Well then, Wednesday, March 23rd certainly is a wild one.
News broke this morning the Chiefs have traded Tyreek Hill to the Miami Dolphins in exchange for five draft picks, clearing nearly $20MM in cap space, and providing the type of roster flexibility everyone has been saying they needed, just not in the way they wanted.
This transaction shouldn’t come as a big surprise to anyone that’s been paying attention to what receivers have been getting paid this offseason. This transaction also shouldn’t come as a surprise if you paid attention the last few years, as it became obvious Hill and his representation were going to make up for lost time with their next contract, after taking a significant discount on his current deal originally signed in the midst of ongoing legal kerfuffles. (and irresponsible journalism)
Now that everything is finalized, we’re onto the draft. We can’t play with the guys that aren’t here, and we had a guy that didn’t want to be here. So be it. This is a business and we’re in the business of Patrick Mahomes’ legacy. Literally.
The Chiefs now have an opportunity to do some real damage April 28th. With 6 picks in the top 103 and the available cap space, this offseason is far from over.
Even better, that while others teams in the division are mortgaging their futures to take advantage of the rookie-contract-QB window that propelled the Chiefs to 4-straight AFC title games, the Chiefs are in phase 2 with a QB whose deal now looks to be a steal, and more draft capital than they’ve ever had with Mahomes on the roster.
Reminder: I’m building this mock draft as if I am in charge of the roster as it currently sits. I’m not predicting or saying what the Chiefs should do. I trust in Veach.
Let’s build our house.
In Mock Draft 1.0 I came in with wide receiver as my listed top target. Even though I just traded the league’s most dynamic weapon, the volume of picks available to me and signing Juju Smith-Schuster and the cap space available now, I do not feel like I have to draft a receiver. In fact quite the opposite, I feel like I have the ammunition to get creative.
Here’s the first spot I’m getting creative and why taking the draft offer from the Dolphins instead of the Jets makes sense. Sam Howell is still on the board and the 5th year option for QBs is a valuable thing. I don’t feel like I need to make a pick at 29 because I have 30 coming up next, and I can use this pick as bait to get more.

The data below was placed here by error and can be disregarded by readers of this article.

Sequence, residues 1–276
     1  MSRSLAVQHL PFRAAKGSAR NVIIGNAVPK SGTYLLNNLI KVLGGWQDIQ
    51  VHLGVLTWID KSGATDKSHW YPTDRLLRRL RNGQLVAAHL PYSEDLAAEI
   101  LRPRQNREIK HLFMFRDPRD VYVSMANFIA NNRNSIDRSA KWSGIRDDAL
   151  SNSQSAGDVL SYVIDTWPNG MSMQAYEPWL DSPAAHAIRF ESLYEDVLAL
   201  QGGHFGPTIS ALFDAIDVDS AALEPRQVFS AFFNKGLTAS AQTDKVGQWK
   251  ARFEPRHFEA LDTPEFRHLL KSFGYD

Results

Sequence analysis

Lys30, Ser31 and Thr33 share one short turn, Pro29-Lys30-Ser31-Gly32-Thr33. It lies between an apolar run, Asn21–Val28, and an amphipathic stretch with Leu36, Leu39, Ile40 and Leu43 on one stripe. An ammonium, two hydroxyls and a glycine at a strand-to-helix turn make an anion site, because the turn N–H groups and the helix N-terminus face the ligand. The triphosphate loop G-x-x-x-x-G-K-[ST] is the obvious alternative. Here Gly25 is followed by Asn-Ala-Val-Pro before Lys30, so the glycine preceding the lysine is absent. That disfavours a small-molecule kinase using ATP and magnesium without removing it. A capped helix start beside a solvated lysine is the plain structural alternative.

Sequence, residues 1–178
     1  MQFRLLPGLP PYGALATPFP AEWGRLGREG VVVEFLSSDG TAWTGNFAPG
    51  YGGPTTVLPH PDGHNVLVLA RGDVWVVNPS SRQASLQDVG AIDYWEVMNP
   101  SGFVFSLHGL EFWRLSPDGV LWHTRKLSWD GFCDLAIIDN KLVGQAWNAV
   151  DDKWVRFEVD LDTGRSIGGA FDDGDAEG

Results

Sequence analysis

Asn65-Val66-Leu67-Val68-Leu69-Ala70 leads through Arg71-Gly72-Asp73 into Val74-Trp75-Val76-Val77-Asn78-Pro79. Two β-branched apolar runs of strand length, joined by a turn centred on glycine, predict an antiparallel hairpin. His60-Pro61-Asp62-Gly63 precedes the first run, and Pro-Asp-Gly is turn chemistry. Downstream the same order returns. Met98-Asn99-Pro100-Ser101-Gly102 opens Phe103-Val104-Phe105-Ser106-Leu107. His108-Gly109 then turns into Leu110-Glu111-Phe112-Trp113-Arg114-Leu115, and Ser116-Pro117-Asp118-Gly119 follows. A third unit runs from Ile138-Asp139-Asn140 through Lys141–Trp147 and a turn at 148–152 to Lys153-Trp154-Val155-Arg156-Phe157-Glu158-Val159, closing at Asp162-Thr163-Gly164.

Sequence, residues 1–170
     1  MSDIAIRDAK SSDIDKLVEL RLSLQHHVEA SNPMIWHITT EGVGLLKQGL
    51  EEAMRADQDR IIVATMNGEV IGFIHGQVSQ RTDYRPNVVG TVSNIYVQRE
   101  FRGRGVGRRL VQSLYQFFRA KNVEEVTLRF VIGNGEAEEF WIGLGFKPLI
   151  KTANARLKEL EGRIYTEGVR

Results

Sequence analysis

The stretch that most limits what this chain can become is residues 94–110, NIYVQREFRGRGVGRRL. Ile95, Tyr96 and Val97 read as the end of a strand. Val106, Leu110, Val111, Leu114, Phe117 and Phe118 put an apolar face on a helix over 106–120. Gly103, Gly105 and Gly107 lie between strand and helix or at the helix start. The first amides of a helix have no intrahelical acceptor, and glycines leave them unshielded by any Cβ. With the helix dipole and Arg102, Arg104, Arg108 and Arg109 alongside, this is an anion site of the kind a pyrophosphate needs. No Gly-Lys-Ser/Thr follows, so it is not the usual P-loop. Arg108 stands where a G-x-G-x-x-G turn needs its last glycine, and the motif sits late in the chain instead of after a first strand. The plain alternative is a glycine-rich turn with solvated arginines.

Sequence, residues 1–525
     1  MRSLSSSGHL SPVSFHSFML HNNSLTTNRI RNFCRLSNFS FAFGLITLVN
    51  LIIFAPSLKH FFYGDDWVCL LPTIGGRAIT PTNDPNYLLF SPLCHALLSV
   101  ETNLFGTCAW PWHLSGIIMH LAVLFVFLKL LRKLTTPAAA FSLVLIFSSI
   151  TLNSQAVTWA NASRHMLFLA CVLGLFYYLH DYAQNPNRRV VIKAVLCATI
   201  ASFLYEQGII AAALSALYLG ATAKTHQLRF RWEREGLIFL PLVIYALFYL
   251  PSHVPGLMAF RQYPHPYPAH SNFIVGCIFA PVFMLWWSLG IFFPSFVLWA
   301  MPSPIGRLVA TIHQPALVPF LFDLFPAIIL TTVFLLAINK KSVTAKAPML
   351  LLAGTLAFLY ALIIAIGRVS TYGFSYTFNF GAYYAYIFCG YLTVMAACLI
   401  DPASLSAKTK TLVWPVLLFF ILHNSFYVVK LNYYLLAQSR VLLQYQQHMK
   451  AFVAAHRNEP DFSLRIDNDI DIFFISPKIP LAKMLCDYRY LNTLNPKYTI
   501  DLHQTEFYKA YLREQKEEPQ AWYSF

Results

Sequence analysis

I’m interested in all these guys available here and I have numerous trade partners coming my way. Most notably, as luck would have it, the New York Jets at 35 which happened to be one of the picks they originally offered me for Hill.
The prospects of drafting Raimann here are intriguing. I want to both target making the offensive line a juggernaut while also giving me leverage in case something screwy goes on with Orlando Brown’s contract negotiations. But I don’t think the Jets are in on a tackle, so I’m taking the risk of trading with the Jets down to 35, knowing I still have Raimann there for me at pick 30.
The gamble worked to perfection. The Jets took Daxton Hill, who wasn’t my top pick pick for defensive back, and left me with Raimann. This is a homerun for me even though this isn’t a position of need. We’re going to have to play a little different this year without Hill, and turning to a more stout running game and the reasons above with future roster flexibility, I’m taking the draft’s #13 ranked player at 30 and running to the podium.
The Pick: Bernhard Raimann, OT
I’m on the clock at 35 and I’ve got plenty of players available and Sam Howell is still on the board, so I’m not done dealing. The Colts are looking to move up from pick 42 for what I have to assume is Howell, which takes a player off the board I don’t care about at all. I’m also looking to fill in the gap I have between picks 135 and 233, so with the Colts offering picks 42, 122, and 159 for 35, I’m taking it.
Another gamble paid off as my top defensive back in the second tier is still on the board, Jalen Pitre. No hesitation, I’m going with a corner that has experience playing all over the secondary.
The Pick: Jalen Pitre, DB
With the second compensation pick from trading Tyreek Hill it’s time to start targeting pass rush. I like my EDGE rushers with speed and that’s something my roster has been lacking for years. My defensive coordinator prefers his DEs big and long and able to play the run, but it’s time to get some athleticism at the position.
Receiver is in play here and with George Pickens and Skyy Moore on the board there are options. But I’ve traded down enough with the intentions of gaining ammunition to go get the guy I really want, so I don’t have to stretch for him here.
Nik Bonitto’s size isn’t ideal for this system but everything else about him screams pass rusher. I want speed off the edge, Bonitto provides it.
The Pick: Nik Bonitto, EDGE
Here’s wear I’m flexing my extra draft capital muscle. The Packers took George Pickens at 53 which takes another target off the board. The run on the second tier receivers is about to happen and I need to make sure I get my guy, and it just so happens I have the picks to do just that.
I traded pick #62 and #135 to the Cowboys for pick for #56. Of the receivers on the board, the pick here is obvious: